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U of M researchers ask for urine donations in the name of science

Apr 1, 2015

U of M researchers asked passersby to donate their urine. You know, for science.
Credit Hayley Hershman

It looked like an April Fools' Day joke.

A pair of Porta-potties set up near a busy campus bus stop, student and faculty volunteers in T-shirts with "Pee Maize 4 Blue" written on the back, and a #peecycler Twitter campaign.

Researchers from the University of Michigan were serious though, when they asked people passing by to stop and donate their urine. It's all part of what researchers said is the nation's first "large-scale pilot project" for urine recycling. 

“We’re taking this urine, doing analysis on it, seeing what’s in it, and turning it into fertilizer products," said Krista Wigginton, an assistant professor of environmental engineering at U of M. "We'll apply that to our test crops and see how the urine-based fertilizer does with the crops and also where the pollutants in the urine end up."

The university is collaborating with several institutions, including the Rich Earth Institute in Brattleboro, Vermont. Researchers there say they've used this type of fertilizer to grow lettuce and carrots in a test garden.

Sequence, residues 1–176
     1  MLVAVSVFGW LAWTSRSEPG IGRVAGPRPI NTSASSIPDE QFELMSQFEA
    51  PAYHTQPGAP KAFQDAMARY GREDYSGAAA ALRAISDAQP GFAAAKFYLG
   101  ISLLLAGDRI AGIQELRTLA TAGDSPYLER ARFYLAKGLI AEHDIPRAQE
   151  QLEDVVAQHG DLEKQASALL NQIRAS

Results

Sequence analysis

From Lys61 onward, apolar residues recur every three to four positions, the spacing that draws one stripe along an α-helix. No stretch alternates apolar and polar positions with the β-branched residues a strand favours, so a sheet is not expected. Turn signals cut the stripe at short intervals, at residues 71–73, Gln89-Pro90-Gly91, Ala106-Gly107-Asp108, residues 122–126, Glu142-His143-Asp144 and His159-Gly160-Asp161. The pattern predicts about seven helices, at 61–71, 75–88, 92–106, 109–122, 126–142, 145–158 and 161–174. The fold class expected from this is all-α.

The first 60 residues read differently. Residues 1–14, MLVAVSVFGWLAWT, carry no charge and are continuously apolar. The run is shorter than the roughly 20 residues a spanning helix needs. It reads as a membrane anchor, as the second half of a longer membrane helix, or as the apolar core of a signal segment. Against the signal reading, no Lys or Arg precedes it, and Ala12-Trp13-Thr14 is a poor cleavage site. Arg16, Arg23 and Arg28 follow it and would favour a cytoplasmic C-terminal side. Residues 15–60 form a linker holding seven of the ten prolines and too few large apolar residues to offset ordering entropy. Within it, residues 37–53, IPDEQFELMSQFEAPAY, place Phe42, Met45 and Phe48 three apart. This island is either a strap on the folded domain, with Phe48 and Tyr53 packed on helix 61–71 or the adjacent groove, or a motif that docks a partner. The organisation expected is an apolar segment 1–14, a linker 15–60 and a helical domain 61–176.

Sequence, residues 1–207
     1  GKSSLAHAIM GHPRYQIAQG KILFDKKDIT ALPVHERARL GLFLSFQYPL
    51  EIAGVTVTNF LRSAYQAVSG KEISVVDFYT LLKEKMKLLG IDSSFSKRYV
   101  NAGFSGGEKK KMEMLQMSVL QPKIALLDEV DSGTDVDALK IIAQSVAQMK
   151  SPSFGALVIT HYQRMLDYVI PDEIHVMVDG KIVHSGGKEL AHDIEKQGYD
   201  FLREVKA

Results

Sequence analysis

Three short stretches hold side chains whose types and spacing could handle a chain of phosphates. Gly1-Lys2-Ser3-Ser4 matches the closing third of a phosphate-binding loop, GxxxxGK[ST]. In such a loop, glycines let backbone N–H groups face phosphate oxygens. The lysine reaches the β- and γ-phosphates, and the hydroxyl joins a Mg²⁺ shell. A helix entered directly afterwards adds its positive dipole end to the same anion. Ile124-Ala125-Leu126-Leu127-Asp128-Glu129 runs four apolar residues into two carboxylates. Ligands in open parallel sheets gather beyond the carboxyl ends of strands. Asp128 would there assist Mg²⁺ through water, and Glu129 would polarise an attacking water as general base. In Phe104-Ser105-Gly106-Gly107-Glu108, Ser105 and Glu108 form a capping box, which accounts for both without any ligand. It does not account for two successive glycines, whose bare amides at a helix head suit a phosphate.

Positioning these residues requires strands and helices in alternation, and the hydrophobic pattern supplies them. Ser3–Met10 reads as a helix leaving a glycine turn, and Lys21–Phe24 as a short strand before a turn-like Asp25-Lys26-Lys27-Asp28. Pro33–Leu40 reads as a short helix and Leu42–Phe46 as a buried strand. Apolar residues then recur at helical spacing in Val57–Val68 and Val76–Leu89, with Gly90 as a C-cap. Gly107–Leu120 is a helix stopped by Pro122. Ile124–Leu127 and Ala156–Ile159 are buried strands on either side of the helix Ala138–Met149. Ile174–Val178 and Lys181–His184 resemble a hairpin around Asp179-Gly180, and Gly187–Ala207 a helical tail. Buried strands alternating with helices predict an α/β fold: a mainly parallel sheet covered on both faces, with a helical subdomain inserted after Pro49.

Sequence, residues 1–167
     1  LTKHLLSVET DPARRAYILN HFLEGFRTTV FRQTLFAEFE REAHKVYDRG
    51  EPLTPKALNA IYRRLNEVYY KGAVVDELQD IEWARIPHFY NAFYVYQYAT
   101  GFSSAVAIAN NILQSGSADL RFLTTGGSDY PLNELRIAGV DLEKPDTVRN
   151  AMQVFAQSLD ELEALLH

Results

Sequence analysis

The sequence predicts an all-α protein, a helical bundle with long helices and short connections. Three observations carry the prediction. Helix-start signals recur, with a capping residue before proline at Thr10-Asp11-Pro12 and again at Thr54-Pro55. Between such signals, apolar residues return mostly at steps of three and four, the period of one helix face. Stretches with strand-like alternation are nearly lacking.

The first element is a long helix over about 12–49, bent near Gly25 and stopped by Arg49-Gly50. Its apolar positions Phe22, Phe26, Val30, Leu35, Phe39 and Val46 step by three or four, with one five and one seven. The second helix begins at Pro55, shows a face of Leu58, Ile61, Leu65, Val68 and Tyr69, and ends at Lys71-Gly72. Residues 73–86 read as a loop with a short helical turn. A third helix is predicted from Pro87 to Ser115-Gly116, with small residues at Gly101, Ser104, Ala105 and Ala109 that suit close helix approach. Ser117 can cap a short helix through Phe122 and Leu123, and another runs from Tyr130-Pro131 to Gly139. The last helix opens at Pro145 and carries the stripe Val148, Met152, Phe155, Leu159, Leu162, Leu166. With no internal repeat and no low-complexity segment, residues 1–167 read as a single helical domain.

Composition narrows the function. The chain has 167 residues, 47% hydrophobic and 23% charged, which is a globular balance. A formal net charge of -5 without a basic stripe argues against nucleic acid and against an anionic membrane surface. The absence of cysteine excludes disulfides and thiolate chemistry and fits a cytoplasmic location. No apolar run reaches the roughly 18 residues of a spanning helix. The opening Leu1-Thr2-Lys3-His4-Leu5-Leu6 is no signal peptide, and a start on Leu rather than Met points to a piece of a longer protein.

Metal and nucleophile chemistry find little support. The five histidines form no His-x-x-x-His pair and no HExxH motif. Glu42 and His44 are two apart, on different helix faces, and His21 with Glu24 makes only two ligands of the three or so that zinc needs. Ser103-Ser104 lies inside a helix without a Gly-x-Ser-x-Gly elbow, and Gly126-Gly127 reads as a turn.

Wigginton said treating and reusing wastewater is a direction the U.S. needs to take.  

"Right now, we deal with urine by diluting it, sending it to the waste water treatment plant, and then we try to remove it from the waste water steam," she said. "It's energy intensive, it's hard to do, and some plants don't even do it."

Wigginton said she hopes the event and others like it help start a national conversation about urine recycling.

There were plenty of confused stares from students and faculty passing by the urine-collection area on the way to class.

Some wanted to know more about the project but said they would have to come back later, when nature called, to donate.

Others were happy to oblige when volunteers urged them to "join the urine-nation," including U of M senior Catherine Culkin.

"It's like public urination, except you don't get in trouble for it," she joked.

Event organizers said they hoped to collect at least 50 gallons of urine before the day was through.